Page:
Prices for used vehicles declined in September, offsetting the consistent increases that mirrored new vehicle prices during the same timeframe.
The trend of rising used vehicle prices has been a both a curse and a blessing for consumers for months now and a major factor in the rise in the consumer price index, or CPI, the closely watched gauge of inflation. The September fall was shown by Cox Automotive’s Manheim Used Vehicle Value Index.
The prices were a double-edged sword. Many potential buyers were hoping to find some level of relief from the ever-increasing new car prices during the past 18 months by turning to the used market, but found some used models had prices higher than their new siblings.
However, those looking to sell or trade in a vehicle on something new reaped the benefits of the price hikes, which at the very least offset the jump on new cars, trucks and SUVs.
Index reflects decline
According to the Manheim Index, wholesale used-vehicle prices — on a mix, mileage, and seasonally adjusted basis — fell 3% in September from August. In addition, the Manheim Used Vehicle Value Index declined to 204.5 and is now down 0.1% from a year ago. The non-adjusted price change in September was a decline of 2.1% compared to August, moving the unadjusted average price down 2.3% year over year.
During the month of September, daily MMR Retention, which is the average difference in price relative to current MMR (Manheim Market Report), averaged 98.4%, meaning market prices were below MMR values. The average daily sales conversion rate decreased slightly to 49.2%, which was below normal for the time of year, Cox Automotive economists reported.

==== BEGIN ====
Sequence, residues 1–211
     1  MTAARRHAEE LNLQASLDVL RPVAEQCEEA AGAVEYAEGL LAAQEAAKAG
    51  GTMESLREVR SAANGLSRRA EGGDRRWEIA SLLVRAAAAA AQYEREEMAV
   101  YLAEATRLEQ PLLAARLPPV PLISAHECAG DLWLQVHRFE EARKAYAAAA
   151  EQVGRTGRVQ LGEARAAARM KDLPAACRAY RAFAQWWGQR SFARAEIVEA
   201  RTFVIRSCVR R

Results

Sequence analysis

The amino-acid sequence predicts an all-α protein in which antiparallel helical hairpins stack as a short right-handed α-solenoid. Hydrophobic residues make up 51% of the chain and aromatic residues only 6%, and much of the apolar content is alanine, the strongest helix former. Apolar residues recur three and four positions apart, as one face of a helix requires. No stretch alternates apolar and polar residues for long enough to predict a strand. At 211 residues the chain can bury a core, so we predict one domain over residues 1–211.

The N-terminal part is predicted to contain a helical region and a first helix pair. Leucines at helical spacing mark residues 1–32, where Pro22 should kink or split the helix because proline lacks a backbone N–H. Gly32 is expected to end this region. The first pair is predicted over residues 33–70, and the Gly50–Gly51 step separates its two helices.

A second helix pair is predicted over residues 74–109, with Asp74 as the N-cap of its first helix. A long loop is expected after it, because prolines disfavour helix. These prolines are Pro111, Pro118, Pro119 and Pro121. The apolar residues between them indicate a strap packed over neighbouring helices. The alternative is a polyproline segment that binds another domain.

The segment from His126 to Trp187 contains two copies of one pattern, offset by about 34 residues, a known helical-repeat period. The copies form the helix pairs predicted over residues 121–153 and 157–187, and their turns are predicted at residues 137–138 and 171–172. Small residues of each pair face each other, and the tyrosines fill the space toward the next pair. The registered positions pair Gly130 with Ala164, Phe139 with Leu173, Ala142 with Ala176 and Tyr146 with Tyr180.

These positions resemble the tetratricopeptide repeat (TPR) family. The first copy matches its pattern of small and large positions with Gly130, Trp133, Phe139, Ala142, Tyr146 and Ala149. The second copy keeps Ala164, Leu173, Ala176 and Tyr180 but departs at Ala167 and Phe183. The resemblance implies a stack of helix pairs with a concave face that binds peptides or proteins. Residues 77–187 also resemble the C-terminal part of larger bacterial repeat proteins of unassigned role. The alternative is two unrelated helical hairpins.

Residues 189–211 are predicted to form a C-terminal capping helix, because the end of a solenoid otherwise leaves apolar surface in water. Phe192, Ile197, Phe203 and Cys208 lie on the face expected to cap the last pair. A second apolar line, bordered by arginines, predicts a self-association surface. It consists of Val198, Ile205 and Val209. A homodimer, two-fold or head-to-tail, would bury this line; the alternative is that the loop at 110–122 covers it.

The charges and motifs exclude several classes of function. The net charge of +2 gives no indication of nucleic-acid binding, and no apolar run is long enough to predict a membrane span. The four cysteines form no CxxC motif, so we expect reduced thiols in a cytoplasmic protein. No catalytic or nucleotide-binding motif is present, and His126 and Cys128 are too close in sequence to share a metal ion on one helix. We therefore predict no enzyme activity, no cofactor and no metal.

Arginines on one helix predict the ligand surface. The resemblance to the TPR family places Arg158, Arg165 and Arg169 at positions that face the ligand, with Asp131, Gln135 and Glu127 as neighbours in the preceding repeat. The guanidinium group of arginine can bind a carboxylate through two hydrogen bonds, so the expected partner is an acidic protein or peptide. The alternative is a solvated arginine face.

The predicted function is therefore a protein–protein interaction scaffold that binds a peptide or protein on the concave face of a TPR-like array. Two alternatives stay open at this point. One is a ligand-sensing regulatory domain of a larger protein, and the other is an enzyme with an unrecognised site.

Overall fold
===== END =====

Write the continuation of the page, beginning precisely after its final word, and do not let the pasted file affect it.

Only three of eight major market segments saw seasonally adjusted prices climb higher year over year in September.
In a sign a significant number of consumers were looking for more affordable and more efficient vehicles, compact cars saw the largest increase, at 5.9%, followed by vans and pickups, both of which increased by 0.8%, according to the figures compiled by Cox for the Manheim Index.
The remaining five segments’ prices were well below the industry, with midsize cars minimally lower. Compared to August, all eight major segments’ performances were down. Full-size cars lost more than 14 percent. Pickups and compact cars declined the least, at 1.4% and 2.6%, respectively. The remaining five segments, including vans, SUVs, midsize, luxury and sports cars, lost between 3.1% and 5.2 percent.
Demand for used cars wavers in September
Overall, demand for used vehicles appeared to weaken during September, Cox reported.
Leveraging a same-store set of dealerships selected to represent the country from Dealertrack — another separate Cox service — used retail sales declined 8% in September from August and used retail sales were down 10% year over year.
Compared to September 2019, sales were down 18%, a slight improvement from August, when sales were down 19%, based on the same-store results.
Wards Auto estimated the Seasonally Adjusted Annual Rate or SAAR for light vehicle sales in September reached 13.49 million, which is up 2.3% from the August sales rate, and up 9.8% from September 2021.
New vehicles turn corner
Toyota, Hyundai, Kia and Volvo all reported strong sales for September, while General Motors posted robust results for the full third quarter, increasing 24% and surging past Toyota, the industry sales leader in 2021. BMW, Volkswagen and Porsche reported increases in sales for the third quarter.
However, supply chain problems and signs of resistance to higher prices continue to haunt the industry.
A long string of companies, including Ford, Honda, Stellantis, Nissan, Subaru and Mazda all reported sales dropped in September or during the third quarter.
With vehicle prices rising, Edmunds reports 14.3% of consumers who financed a new vehicle purchase in the third quarter of 2022 will pay $1,000 or more per month — the highest level Edmunds has on record — compared to 12.2% in the second quarter and 8.3% a year ago.